Puppet and Ansible: complementary or competing?
Over the past years, we have put our focus on building, deploying and maintaining your IT infrastructure. In doing so, we are agnostic. And in our work field, two tools for IT automation always emerge. Puppet and Ansible: complementary or competing?
Yes, of course, meanwhile we have built an extensive expertise around Puppet. But at the same time, we also stick to the main goal of our company. We always adopt an agnostic attitude and we intend to continue to do so. As far as we are concerned, Puppet and Ansible are two totally different solutions, each oriented towards a different type of use case.
Push vs pull
Puppet was launched in 2005 as a platform for infrastructure automation. They developed it in Ruby and it had a clear, platform independent approach. Ansible is more recent (it was launched in 2012) and profiles itself as a task orchestrator. They have developed Ansible in Python and it clearly focuses on Linux from the beginning (and on Red Hat in particular). Meanwhile, they also added Windows to the scope.
In general, we can say that Ansible is more suitable for small, fast, one-day deployments, while Puppet rather focuses on more complex environments and deployments requiring more time. Ansible is agentless and relies on a push model. The system administrator determines what needs to be done and pushes those instructions to the nodes.
Puppet, on the other hand, works with a master/agent model, although there is also an agentless version meanwhile. It clearly applies a pull model. In doing so, the nodes rely on the master and attract the right guidelines. The system administrator describes what he wants in Puppet. Subsequently, that descriptive language will be converted into a series of commands. Ansible, however, immediately focuses on the concrete tasks through a sequence of commands.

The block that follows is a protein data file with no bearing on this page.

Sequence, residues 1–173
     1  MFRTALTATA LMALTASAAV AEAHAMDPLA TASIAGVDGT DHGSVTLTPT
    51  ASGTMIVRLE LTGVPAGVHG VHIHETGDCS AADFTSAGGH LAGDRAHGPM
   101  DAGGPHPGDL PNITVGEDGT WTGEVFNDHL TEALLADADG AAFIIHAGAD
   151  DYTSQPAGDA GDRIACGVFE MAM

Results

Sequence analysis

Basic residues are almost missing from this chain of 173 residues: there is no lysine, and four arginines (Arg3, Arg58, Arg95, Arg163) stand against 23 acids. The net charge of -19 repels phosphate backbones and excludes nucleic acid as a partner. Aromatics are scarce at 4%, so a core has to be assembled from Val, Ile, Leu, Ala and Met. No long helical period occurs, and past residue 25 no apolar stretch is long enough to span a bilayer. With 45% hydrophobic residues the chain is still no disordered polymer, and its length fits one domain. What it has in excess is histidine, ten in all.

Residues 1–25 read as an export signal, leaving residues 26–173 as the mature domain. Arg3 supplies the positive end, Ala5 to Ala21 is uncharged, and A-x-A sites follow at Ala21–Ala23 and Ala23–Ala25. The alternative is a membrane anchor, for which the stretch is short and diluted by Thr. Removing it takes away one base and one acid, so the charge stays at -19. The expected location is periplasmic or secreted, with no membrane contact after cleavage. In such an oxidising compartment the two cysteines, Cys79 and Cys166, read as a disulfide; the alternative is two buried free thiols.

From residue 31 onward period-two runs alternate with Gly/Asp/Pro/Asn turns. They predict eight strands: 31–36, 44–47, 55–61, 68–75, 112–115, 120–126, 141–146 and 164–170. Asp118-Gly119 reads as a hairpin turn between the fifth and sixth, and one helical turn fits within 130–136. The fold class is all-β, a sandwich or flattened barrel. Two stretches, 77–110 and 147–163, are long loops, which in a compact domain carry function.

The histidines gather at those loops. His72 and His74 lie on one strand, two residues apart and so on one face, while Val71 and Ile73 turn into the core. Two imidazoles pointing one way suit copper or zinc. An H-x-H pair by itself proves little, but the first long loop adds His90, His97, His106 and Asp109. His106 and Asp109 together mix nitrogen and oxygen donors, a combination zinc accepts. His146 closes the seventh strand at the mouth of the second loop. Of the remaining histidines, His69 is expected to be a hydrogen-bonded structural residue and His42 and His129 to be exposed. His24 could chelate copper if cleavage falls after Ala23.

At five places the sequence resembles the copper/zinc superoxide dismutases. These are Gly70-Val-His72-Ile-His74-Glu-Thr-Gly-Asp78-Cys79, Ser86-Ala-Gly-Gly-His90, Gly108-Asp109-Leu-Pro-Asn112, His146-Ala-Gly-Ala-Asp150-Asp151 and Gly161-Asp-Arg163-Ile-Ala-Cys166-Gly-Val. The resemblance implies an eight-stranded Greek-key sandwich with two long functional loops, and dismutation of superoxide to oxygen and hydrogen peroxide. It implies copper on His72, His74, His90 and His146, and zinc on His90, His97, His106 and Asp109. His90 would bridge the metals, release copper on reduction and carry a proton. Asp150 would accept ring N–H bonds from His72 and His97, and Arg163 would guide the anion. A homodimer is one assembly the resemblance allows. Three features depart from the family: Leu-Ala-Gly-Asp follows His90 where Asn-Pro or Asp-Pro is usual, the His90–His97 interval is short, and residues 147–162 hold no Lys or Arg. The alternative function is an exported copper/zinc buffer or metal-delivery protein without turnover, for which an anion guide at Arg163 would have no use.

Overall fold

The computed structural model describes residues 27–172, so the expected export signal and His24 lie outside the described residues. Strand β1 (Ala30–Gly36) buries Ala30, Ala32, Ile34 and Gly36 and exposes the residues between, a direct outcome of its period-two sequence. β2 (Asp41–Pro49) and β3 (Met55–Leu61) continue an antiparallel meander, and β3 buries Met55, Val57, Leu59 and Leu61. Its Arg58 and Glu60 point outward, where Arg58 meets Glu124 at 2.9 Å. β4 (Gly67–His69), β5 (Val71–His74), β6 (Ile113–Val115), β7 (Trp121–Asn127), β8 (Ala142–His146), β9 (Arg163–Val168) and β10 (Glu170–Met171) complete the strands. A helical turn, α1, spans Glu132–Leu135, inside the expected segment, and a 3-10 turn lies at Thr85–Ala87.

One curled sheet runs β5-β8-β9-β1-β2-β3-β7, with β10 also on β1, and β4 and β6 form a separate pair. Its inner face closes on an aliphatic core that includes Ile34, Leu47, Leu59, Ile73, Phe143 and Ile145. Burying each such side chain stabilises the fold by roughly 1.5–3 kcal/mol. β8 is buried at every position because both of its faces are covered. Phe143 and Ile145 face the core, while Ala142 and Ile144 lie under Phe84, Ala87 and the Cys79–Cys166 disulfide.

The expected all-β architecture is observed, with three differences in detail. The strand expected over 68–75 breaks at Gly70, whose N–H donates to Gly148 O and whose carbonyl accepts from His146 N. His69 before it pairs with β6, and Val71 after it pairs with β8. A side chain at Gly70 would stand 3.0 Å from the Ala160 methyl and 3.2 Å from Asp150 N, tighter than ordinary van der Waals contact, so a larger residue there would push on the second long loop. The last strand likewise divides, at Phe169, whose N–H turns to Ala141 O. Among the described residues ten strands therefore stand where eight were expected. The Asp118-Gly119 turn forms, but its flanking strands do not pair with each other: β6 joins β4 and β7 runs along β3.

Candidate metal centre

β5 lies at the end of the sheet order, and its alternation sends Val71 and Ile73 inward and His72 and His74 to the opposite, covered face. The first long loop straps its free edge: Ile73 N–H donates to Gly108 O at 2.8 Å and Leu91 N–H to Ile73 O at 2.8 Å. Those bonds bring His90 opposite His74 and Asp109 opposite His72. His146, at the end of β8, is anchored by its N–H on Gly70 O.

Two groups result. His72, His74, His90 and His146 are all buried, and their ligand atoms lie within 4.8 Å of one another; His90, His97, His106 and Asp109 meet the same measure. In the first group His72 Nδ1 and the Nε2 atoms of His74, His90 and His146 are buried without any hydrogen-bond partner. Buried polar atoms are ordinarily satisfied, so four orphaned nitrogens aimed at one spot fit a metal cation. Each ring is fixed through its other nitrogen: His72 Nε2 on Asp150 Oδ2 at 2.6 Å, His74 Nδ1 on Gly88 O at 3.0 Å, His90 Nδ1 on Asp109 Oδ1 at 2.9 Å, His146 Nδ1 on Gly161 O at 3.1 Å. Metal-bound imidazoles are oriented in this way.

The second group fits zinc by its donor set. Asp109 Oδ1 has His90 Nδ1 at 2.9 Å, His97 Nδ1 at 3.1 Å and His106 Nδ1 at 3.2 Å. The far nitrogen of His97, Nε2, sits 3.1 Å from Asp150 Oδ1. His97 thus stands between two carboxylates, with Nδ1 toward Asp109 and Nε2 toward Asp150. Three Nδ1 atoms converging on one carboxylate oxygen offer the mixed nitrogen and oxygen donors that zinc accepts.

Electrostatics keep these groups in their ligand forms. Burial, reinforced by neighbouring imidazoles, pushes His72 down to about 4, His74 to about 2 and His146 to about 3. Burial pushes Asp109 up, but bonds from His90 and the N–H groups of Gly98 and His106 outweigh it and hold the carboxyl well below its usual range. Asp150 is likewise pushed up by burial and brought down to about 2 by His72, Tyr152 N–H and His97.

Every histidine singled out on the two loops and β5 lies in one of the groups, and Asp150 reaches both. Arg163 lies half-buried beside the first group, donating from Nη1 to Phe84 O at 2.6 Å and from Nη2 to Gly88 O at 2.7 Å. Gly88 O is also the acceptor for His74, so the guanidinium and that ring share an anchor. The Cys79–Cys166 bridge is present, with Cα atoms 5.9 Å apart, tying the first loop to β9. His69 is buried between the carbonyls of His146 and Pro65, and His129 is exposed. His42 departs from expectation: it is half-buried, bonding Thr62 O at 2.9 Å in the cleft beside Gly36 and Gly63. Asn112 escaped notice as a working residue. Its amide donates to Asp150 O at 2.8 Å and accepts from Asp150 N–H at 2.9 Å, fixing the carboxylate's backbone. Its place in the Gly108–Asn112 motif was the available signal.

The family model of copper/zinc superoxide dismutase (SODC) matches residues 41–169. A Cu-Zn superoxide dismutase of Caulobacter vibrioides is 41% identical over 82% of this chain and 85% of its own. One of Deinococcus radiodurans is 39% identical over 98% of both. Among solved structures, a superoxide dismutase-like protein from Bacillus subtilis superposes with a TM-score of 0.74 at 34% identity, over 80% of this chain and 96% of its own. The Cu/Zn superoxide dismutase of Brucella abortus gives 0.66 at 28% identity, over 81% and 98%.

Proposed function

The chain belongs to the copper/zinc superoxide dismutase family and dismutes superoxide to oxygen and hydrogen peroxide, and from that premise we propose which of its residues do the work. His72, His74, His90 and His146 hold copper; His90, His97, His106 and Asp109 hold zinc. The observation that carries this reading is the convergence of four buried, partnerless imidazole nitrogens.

More differences than similarities
The differences between Puppet and Ansible become very clear when we examine concrete situations, such as configuration drift. This is the phenomenon according to which a configuration will deviate ever more from the original purpose. By default, Puppet provides the functionality for configuration drift remediation. Ansible also allows measures, but the system administrator must set them himself. This will inevitably cost time and money, and partly counter Ansible’s fast start-up.
Puppet sees nuances in the adaptations made to a configuration. Sometimes, it concerns a corrective change in order to maintain the intended configuration and to eliminate configuration drift, among other things. Sometimes, it concerns intentional change, when the system administrator consciously modifies the configuration. Ansible doesn’t make this distinction.
Another example: the different approach to the concept of CI/CD-ready and testable code. Before the system administrator will bring a server live, he performs some kind of dry-run via an abstraction layer in Puppet. This way, he can test the code and see how it will react. Ansible doesn’t offer this option, which increases the risk of the failed go-live of a server.
Should we consider Puppet and Ansible as competitors? Absolutely not! We should make optimal use of the strengths of both tools. Very often, we see that companies rely on Ansible to have a configuration up and running very quickly and that they subsequently use Puppet to manage and control the configuration in the long term.
Besides, both tools are increasingly growing towards each other. Puppet Bolt applies the same task-based approach as Ansible, while Ansible Tower positions itself as an alternative to Puppet Enterprise. Both tools have their right to exist. They have proven that by the fact that companies often rely on Ansible for a quick roll-out of Puppet.
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